This week’s focus is a new take on a long-time favorite: marble-look tile.
While marble-look ceramic tile has already been proven as a beautiful style in just about every room and application, this new trend features marble-look tile like you’ve never seen it before, and it all comes down to veining.
The larger size of gauged porcelain tile panels/slabs is creating more space for creative veining designs, from larger and more sparse veins to veins that take over the whole tile — and everything in between.
Take a look at the following examples from Instagram to get an idea of the directions that new veining designs are taking and the options you have when choosing your own marble-look tile.
Erratic Veining vs. Minimalist Veining
Both of the examples above are gray and white marble-look tile, but the effect of each couldn’t be more different.
That’s because of the style of the veining: The design in the first photo features darker veining with a high dark-to-light contrast that branches out in every direction and covers the majority of the tile. The veining in the second design is much more subtle, covering a smaller section of the tile with low contrast that softly fades into the background.
Sparse Veining vs. Abundant Veining
The sheer amount of veining plays a large role in marble-look tile designs as well, as you can see from the two examples above. Larger, sparser veining (as in the first photo) is as alluring as the dramatic, abundant veining in the second photo.
[Related: Tile Trends We Love: Dark Marble Looks]
Parallel Veining vs. Intersecting Veining
Veining patterns differ depending on the type of marble, but with marble-look tile, you can choose just about any pattern you please. One choice is between parallel veining and intersecting veining (straight veins that follow the same direction or veins that criss-cross one another).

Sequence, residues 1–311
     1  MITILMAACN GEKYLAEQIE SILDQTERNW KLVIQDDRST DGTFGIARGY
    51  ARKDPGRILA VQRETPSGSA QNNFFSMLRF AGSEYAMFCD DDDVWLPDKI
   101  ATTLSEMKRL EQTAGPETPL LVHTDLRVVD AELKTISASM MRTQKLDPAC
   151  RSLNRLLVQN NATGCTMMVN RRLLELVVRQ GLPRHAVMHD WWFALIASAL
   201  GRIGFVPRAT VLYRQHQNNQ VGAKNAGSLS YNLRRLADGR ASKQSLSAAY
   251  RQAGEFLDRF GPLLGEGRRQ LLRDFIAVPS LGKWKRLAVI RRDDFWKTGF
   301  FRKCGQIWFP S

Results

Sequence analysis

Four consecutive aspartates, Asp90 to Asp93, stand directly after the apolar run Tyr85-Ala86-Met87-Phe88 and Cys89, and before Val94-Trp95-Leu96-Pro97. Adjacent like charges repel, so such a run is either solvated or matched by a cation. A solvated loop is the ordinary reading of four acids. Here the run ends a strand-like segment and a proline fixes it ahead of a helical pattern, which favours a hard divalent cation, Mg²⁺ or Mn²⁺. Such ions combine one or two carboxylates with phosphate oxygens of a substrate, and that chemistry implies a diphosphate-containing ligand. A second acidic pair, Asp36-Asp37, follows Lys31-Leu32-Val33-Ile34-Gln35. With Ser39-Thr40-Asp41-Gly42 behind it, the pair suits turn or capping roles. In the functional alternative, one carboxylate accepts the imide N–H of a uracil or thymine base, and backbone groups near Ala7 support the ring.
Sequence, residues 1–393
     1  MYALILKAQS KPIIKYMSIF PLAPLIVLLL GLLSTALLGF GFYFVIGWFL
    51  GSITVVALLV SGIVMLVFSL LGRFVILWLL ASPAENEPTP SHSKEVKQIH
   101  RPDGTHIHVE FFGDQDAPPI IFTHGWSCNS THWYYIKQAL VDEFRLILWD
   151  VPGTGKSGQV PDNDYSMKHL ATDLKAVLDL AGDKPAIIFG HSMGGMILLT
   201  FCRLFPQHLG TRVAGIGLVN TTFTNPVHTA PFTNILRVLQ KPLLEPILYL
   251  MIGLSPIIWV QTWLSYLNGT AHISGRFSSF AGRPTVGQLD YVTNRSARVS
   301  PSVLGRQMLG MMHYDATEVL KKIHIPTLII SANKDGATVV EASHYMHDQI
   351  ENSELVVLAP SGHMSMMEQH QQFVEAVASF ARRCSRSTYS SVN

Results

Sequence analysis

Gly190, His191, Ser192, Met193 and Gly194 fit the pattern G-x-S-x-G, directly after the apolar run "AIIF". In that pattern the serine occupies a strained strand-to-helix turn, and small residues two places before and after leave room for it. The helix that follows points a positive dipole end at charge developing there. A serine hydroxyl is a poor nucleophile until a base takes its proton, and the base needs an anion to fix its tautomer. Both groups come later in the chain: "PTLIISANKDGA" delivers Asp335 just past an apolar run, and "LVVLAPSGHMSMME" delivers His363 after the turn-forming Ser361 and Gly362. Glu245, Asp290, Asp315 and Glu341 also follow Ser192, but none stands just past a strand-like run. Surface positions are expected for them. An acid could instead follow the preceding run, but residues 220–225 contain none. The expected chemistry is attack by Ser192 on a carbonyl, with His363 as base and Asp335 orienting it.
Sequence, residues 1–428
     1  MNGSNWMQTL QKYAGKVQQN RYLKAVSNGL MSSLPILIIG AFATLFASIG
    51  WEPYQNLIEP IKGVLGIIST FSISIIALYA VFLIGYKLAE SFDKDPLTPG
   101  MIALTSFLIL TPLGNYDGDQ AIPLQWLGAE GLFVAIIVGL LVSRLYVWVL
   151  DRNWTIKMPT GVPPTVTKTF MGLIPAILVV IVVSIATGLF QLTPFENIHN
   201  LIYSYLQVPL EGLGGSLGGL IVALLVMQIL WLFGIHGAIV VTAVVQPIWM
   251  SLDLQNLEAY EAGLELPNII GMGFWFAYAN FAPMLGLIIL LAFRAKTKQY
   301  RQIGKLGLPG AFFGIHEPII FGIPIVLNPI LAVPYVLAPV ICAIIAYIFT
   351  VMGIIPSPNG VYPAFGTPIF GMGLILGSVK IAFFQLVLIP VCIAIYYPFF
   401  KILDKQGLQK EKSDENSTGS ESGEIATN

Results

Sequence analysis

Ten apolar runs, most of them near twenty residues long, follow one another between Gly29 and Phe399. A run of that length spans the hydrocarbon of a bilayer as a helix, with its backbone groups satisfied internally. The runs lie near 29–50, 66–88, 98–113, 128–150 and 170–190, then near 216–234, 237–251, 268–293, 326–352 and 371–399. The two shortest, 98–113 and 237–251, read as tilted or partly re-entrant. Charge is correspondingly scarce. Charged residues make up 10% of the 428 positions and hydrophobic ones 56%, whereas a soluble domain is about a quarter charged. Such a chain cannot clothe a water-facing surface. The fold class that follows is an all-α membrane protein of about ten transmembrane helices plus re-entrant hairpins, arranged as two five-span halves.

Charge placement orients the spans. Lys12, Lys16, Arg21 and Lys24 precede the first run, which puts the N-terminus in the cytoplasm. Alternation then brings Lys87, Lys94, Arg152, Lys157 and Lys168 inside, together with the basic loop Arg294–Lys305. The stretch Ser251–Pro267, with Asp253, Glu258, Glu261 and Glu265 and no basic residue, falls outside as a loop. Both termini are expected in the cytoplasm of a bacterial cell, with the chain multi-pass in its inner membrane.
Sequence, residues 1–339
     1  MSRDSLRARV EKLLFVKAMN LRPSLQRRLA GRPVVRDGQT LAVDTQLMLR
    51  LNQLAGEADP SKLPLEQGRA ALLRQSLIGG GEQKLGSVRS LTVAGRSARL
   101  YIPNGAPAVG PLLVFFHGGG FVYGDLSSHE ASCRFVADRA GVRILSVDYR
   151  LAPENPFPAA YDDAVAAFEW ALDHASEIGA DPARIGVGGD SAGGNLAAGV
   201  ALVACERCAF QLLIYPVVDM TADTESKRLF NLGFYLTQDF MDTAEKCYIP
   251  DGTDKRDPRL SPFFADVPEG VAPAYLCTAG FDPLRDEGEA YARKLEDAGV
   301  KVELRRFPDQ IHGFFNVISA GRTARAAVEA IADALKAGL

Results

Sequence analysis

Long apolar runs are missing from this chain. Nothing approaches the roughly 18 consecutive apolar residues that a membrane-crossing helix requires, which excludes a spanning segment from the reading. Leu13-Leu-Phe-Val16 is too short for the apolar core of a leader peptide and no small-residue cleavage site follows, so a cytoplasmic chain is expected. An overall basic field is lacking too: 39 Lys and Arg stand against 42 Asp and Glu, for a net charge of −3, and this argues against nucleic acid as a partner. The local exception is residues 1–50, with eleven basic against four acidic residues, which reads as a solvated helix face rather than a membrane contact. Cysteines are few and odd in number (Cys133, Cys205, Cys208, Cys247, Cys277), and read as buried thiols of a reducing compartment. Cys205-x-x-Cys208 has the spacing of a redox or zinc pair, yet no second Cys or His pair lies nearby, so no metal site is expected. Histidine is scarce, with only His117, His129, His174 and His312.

While we love both, it’s best to choose the design that complements your space. For example, vertical veining as in the first photo visually elongates walls, drawing the eye upward and making the space feel taller.
Swirly Veining vs. Angular Veining
You can also choose between curved veining and angular veining. Curved veining tends to be softer, with the vein color fading into the color of the tile, whereas angular veining tends to be bolder and higher-contrast.
So which veining pattern is best? It all depends on whether you want your marble-look tile to create a serene backdrop for other decor elements in your space or to make a bold impact and steal the show.
As for us, we can’t decide!
[Related: Tile Trends We Love: Modernized Marble]
Explore Your Veining Options
If you choose a veining style for your home, we hope you’ll share your project with us on Instagram with a #WhyTileStyle shoutout!